Harold took his Catholicism, which stayed with him all his life, to London and the Slade and his adherence to its religion suffused his attitude towards his art. He said : "The people in the place I paint is really something to do with the mark society has had on people living in that circumstance. That's to say, they live in a very poor way. Now in living in a very poor way, the thing I want to paint isn't their poverty. It's not the miscellaneous rubbish that they live amongst. The thing that I want to paint or try to find, is the human mark of the human spirit in that situation. It isn't a political statement to say that "They are wrongfully treated" and it isn't a social comment to say : "Let's get them out of that situation". It's merely, in a sense, an observation. To say : "This is what the human being in such a situation can do and reveal the more beautiful elements of humanity in such a state".(link)

After he graduated with his art degree in 1954 he followed a one-year postgraduate course at London University and in 1955 he won a travel scholarship to Italy, followed by a British Council Scholarship to study in Spain before returning to Salford, where he lived for the rest of his long life. 

On his return, he began his two years National Service in the Army during which time he became a non-commissioned officer and when he was demobbed in 1960, he was advised by Lowry against taking a job teaching art in Cheltenham and instead settled for a part-time post in Salford, teaching two days a week. In 1962 he married an Austrian student, Hannelore Reuter, and moved into the remains of a coachhouse, which they restored with the help of friends and stood in a more affluent area in Salford, behind some grand Victorian homes,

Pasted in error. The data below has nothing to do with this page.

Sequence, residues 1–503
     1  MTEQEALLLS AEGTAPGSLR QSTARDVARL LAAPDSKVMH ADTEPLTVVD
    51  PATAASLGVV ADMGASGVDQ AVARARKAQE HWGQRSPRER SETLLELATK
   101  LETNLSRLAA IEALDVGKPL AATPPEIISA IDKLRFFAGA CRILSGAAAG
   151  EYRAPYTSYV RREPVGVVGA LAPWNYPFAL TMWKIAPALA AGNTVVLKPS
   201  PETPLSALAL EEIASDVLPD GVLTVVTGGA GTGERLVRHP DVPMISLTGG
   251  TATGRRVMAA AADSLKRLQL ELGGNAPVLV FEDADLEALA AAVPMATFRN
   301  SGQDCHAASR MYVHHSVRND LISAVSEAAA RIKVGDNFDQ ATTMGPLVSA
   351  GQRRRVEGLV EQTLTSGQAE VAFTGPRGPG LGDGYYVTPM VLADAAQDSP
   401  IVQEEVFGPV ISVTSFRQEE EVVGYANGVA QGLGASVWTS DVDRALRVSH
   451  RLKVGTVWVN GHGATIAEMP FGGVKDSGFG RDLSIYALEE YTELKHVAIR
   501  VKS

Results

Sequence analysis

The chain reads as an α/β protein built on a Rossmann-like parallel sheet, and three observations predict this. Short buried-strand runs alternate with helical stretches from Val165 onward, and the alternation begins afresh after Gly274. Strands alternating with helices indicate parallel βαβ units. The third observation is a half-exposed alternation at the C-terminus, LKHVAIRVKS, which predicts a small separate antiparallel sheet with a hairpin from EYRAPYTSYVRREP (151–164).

Making his way as a professional artist, Harold repaid the support he had received from Ted Frape by showing his work exclusively at Salford City Art Gallery. He also offered his work to local sponsors and friends who had first pick at private views and their popularity meant that his pictures were sold out before the exhibitions opened to the public. His stature as an artist led him to receive commissions to paint : Prince Philip, the Duke of Edinburgh and Popes : John XIII, Paul VI and John Paul II and United States Presidents John F. Kennedy and Gerald Ford. It was in 1962 that the twenty-eight year old Harold, had sketched in pastels, Kennedy, the year before he was assassinated.

Harold said : “Painting a portrait is rather like telling a person exactly what you think of him to his face. It’s embarrassing, especially as most people don’t want a true picture of themselves, but something that flatters them”. Harold was proud that he never did. 

His portrait of John Paul II was completed after two sessions with the Pope in Rome, in which they discussed everything from previous pontiffs to football. In 2005 Harold told the Manchester Evening News : "He didn't chat away the whole time, but what he said was said with quiet authority and great humour. That's what struck me forcibly throughout the sittings - the absolute conviction and strength of a man, tied in with his humanity and sense of fun" and "He was utterly charismatic - everyone says that, but it can't be stressed enough. That is what shone through when you met him and I count it the greatest honour of my life that I had the privilege to meet him". 

He also said that Salford kept his feet on the ground and "I can go to the Vatican to paint the Pope but I still have to go to the chippy across the road when I come home". No doubt the chippy was 'Neil's Friery - a chip shop on Langworthy Road'.

In 1962 Harold painted the actress Violet Carson in character as Coronation Street’s Ena Sharples, complete with hairnet, a portrait he presented to Manchester Art Gallery in 1994. Two years before, in 1960, he had, in fact, produced a drawing of Archie Street in Ordsall, the street which inspired the popular soap opera, 'Coronation Street', which was broadcast by Granada Television for the first time in that year. The drawing had the odd figure by LS Lowry, together with the written notes made by Harold Riley concerning the scene around the edges.